The main defence is, that the annual appropriation for the refuse and garbage department was insufficient to pay all the laborers in that department their full wages for the year, and that when the plaintiffs continued to work in December they knew that any liability incurred by the city to them was incurred in violation of G. L. (Ter. Ed.) c. 44, s. 31, which forbids any department of any city or town, except Boston, to "incur liability in excess of the appropriation made for the use of such department." McHenry v. Lawrence, ante, 119. If this defence were sound, it might not bar recovery altogether, for an unexpended balance remained at the first of December which was available for the plaintiffs as much as for other laborers.

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But the answer to this defence is that the liability to the plaintiffs was not really incurred in December nor during the fiscal year. The plaintiffs at the beginning of the year were in the classified permanent labor service of the defendant. Each plaintiff was entitled to permanency and continuity of employment, subject to the provisions of G. L. (Ter. Ed.) c. 31. Section 43 of that chapter provides that he "shall hold such . . . employment and shall not be removed therefrom, lowered in rank or compensation or suspended, . . . except for just cause, and for reasons specifically given him in writing . . . ." Reasons must be given in writing even when the cause is lack of work or money. Peckham v. Mayor of Fall River, 253 Mass. 590. Bois v. Mayor of Fall River, 257 Mass. 471. Reagan v. Mayor of Fall River, 260 Mass. 529. O'Brien v. Inspector of Buildings of Lowell, 261 Mass. 351. Lake v. Fall River, 264 Mass. 98. See also Ransom v. Boston, 192 Mass. 299. It may be that the wages of employees are not within G. L. (Ter. Ed.) c. 44, s. 33A, providing that the budget "shall include sums sufficient to pay the salaries of officials fixed by law or by ordinance." But without express statutory direction the city must include in the budget the sums necessary to pay the permanent force of employees, or must take lawful action to reduce either the force or the wages. It cannot remain inactive, permit the employees to work at the rate of wages lawfully fixed, and then set up a lack of money as an excuse for not paying them.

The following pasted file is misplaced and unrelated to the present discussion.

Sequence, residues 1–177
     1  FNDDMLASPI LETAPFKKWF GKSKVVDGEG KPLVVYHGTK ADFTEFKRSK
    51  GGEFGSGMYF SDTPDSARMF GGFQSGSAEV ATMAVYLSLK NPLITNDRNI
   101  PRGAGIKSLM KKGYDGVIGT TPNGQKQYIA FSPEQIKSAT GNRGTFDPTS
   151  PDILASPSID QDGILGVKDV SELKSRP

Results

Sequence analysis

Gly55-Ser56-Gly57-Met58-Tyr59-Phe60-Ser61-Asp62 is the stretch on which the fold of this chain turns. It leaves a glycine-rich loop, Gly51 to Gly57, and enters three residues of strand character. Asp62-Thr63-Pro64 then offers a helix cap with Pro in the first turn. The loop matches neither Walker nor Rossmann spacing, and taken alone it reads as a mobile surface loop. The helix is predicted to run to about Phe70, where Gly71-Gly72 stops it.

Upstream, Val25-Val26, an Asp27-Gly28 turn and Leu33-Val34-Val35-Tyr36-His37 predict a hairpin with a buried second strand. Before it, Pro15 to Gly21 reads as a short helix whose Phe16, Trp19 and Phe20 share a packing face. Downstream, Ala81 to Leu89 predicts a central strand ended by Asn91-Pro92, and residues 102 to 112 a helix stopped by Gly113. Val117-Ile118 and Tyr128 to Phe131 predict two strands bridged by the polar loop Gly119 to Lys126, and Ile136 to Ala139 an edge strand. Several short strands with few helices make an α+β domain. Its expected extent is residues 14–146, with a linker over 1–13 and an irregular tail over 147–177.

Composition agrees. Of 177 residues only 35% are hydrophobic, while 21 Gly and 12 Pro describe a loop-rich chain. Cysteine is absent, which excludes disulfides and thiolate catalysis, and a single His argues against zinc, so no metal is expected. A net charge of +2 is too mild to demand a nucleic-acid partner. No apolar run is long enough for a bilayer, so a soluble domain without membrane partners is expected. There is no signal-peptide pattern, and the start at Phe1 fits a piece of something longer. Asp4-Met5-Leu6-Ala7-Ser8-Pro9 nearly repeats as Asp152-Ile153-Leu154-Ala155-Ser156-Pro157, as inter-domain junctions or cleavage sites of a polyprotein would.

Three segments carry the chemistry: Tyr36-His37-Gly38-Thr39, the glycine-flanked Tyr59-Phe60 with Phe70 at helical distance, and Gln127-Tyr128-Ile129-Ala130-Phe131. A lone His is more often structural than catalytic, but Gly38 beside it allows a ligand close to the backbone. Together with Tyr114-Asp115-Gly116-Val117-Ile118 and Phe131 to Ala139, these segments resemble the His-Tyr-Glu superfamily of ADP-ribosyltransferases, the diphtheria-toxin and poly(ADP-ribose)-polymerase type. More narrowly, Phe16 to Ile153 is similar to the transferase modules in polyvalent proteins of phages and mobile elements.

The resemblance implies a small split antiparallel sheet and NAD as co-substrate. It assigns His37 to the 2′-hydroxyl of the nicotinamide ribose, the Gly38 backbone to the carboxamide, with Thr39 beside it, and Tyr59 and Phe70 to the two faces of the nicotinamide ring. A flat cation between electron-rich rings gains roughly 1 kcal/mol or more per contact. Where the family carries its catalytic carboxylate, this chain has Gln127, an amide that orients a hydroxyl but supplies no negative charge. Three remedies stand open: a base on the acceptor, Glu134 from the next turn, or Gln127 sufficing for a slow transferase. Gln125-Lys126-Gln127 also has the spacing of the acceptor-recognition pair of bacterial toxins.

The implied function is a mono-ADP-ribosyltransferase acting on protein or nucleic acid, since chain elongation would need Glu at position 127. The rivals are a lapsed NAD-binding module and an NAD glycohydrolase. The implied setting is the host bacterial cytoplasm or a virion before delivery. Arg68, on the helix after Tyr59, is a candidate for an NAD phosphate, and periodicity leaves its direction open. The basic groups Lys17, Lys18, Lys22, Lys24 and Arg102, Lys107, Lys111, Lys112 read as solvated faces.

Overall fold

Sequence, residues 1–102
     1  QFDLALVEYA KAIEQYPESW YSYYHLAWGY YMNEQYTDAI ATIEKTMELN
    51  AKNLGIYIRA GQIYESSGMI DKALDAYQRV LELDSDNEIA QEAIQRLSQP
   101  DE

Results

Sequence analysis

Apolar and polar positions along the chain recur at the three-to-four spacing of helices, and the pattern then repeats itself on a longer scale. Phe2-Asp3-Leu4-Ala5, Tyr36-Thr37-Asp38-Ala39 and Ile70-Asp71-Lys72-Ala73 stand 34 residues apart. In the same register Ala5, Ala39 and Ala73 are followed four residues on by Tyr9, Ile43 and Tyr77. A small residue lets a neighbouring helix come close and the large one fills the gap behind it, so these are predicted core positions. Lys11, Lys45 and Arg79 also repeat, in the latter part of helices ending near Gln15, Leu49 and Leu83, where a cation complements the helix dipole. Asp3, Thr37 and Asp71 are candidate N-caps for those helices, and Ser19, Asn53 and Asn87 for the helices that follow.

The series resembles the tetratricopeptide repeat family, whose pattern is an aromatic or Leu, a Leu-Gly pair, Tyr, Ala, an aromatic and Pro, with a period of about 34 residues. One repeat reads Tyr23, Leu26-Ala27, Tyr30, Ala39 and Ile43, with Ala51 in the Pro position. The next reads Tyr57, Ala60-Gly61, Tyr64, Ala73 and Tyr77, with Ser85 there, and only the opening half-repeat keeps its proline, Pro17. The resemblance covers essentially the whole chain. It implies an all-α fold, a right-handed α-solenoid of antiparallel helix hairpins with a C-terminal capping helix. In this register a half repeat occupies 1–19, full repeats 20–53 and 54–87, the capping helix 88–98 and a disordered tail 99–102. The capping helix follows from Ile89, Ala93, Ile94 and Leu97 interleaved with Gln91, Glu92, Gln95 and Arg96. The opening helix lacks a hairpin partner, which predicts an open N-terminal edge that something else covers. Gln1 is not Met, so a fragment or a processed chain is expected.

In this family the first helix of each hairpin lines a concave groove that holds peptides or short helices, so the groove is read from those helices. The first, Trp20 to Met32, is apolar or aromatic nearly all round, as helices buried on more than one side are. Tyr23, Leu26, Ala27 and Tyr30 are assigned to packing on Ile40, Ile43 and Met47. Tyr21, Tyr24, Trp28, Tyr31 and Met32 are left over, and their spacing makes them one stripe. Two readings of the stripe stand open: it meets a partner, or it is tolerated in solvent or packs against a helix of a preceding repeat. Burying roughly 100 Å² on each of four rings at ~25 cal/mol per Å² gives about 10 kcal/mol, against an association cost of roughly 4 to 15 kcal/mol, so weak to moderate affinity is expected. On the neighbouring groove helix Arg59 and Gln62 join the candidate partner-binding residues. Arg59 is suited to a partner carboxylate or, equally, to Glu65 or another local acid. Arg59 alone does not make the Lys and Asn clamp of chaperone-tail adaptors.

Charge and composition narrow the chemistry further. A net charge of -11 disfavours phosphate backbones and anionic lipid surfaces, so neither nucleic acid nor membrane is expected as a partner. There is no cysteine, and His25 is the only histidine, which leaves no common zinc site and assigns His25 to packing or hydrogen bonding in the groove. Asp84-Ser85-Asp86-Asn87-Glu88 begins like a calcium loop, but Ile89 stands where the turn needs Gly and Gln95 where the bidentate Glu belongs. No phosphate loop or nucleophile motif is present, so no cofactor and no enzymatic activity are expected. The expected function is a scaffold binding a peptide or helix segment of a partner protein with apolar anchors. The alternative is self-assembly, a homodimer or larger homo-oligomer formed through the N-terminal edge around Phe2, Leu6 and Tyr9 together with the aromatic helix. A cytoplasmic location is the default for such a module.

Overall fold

Judgment in each case for the plaintiff.